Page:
Ferrying in July 2018, Part 5
Tuesday 17th July 2018
This morning we are still sailing through the Adriatic Sea on ST. DAMIAN, heading in sunshine towards Albania and the port of Vlore. There was time for a breakfast cappuccino and croissant from the lovely Forward Bar that I had only seen last night after we boarded in darkness. This morning it was flooded with light from the semi-circular windows and full of cheerful people waiting to disembark in the port.
I had time to take some more photographs and then look at the port of Vlore ahead of us. The city there now looks huge, set against the magnificent mountains behind it. I recollected that I have been to Vlore once before, so it will be interesting to see how the port has developed since July 2007. These are some of my notes from that visit.
12th July 2007
Arriving in Vlore, Albania, on Kapetan Alexandros A.
Under intense heat we walked along the jetty (still under construction) to the terminal building to collect our passports, and wait for the staff to decide whether we should pay a tax, even though we were foreign tourists and only visiting for an hour, until the ship set off again. After discussion, we paid no tax, and set off through the terminal exit door to view Albania.
Oh my, I think ‘frontier town’ says it all: mountains behind Vlore, a small town with a new part in the process of construction, dust and sand everywhere, high security fencing all around the port area, uniformed guards and security-labelled people everywhere. I admired the way the country and this little port are trying to encourage tourists, after years of being closed to much of the outside world. We walked beyond the jetty to take photographs, still within the fenced port area, but were soon accosted by a policeman who knew just one word in English: “stop” and pointed to us to go back to the ship. On the way back we stopped at the one and only port café for some tea, achieved through sign language, giggling and a certain maritime author’s quick sketch of a steaming cup of tea. A sign on a little jetty building told us to “Have a nice trip”.
end of quote
Now, in July 2018, the city has developed enormously by the look of it. High rise buildings can be seen everywhere, with wide shopping streets and traffic. Those magnificent mountains form the backdrop to an ever-increasing city, with a population at the 2011 Census shown as 104,827. The Republic of Albania, as it is officially known, has had what I shall only call an interesting past, but it is no longer communist and is described as an emerging democracy.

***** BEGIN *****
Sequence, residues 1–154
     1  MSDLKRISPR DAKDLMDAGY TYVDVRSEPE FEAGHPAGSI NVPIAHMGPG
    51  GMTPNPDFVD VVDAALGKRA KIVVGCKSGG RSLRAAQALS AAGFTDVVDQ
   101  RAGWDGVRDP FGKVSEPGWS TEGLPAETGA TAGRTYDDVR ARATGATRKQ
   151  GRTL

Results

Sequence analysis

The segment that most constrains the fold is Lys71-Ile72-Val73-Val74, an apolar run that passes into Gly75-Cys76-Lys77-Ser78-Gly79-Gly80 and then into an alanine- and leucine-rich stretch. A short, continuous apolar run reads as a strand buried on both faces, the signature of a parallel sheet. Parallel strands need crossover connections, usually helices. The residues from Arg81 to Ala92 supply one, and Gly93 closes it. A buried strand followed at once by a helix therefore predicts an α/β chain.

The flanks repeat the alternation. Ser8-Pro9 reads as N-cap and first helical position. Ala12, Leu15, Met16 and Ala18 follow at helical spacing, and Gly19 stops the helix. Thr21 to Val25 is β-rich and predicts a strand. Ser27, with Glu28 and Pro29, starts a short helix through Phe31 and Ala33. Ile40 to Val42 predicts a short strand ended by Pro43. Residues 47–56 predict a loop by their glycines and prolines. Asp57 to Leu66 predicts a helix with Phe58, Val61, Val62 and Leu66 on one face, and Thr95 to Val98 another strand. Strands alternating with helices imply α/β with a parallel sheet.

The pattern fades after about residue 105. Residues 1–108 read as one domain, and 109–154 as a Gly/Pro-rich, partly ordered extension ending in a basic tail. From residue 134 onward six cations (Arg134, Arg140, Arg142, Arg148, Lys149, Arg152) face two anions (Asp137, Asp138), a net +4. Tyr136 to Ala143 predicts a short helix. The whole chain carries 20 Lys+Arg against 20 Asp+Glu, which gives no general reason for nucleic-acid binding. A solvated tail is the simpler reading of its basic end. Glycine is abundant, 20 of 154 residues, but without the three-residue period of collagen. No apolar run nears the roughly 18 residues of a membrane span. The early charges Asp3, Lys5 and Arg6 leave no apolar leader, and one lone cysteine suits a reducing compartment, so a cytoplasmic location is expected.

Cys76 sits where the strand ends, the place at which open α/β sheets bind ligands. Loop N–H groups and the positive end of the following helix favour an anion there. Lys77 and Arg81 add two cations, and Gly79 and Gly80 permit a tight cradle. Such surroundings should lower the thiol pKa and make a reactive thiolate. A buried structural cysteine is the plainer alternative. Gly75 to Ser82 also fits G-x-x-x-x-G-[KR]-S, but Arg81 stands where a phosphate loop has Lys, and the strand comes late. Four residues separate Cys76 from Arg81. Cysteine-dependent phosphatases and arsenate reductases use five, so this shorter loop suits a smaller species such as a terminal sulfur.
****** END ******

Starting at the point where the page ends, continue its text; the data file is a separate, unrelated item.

We arrived about 8 a.m. and disembarked into the hot sunshine. Passport Controls were ahead of us all, but many people must have had Albanian passports because they were in a different queue and were soon waved through. The rest of us had to wait to enter a small office at the end of the jetty. My passport was looked at, and so was I, then it was copied and finally handed back to me. At least I had my passport with me when leaving ST. DAMIAN, which was not the way of it in July 2007 when all the non-Albanian passports (probably half a dozen) were handed in to Passport Control for checking first.
Once free to enter Albania we could start putting today's plan into operation. My friends wanted to take some photos of the ship at the quayside, and I sat in the shade along the waterside looking after the rucksacks and watching the world go past. They were soon back and then it was time to find a local taxi driver who would be prepared to drive us north to the port of Durres. We are to sail from there tonight on another ship, back to Italy.
We found a local taxi driver, who seemed to approve of us as passengers as we did of him after a short chat. A price was agreed, which seemed acceptable for a distance of 118 kms. (about 80 miles) and our bags were put into the car boot. We set off through this huge city, admiring the wide dual-carriage way roads, the colourful painted high-rise apartment buildings, and then on the outskirts soon joined another dual-carriage way route through the mountains and then through obviously fertile countryside.
An hour later the driver pulled into a big petrol station with an air-conditioned cafe and we all had cool drinks and a small snack. We thanked him for that stop, paid for his drink and set off again north up to Durres. He dropped us at the seaside, near a pier, and near the port. We all shook hands after paying him, and he drove away; we always like to try and establish good international relations on our travels.
Nearby we could see a couple of ship funnels, and also a really tall building. Our destination was the 14th/15th floor Fly Bar. My friends had been there before and delighted in showing me the location and views. There in immediate sight were two sister ships: the GNV-SNAV AZZURRA and, our ship for tonight, RIGEL II of Ventouris Line. After a cup of coffee we set off along the sea-side promenade towards a row of restaurants.
Our destination was Belvedere Bar Restaurant where we enjoyed a cheerful lunch watching the sea and eating well. This meant that the beach then beckoned where we could enjoy comfortable big beach chairs for a couple of hours, in the safe shade of large umbrellas.
We walked back along the promenade, admiring the unusual pier structure jutting out into the sea. Back at the Fly bar we could indulge in afternoon tea and enjoy the views, before deciding to visit some of the travel agents in the nearby streets.
Before we left I was amazed to see the remains of the ancient Roman theatre in the nearby hillside; one of the thoughtful Bar waitresses decided to open a big window so I could see it over the balcony and take a photo. That looks an interesting place for a future visit.
Ships seen: St. Damian, Rigel II, Azzurra
To be continued...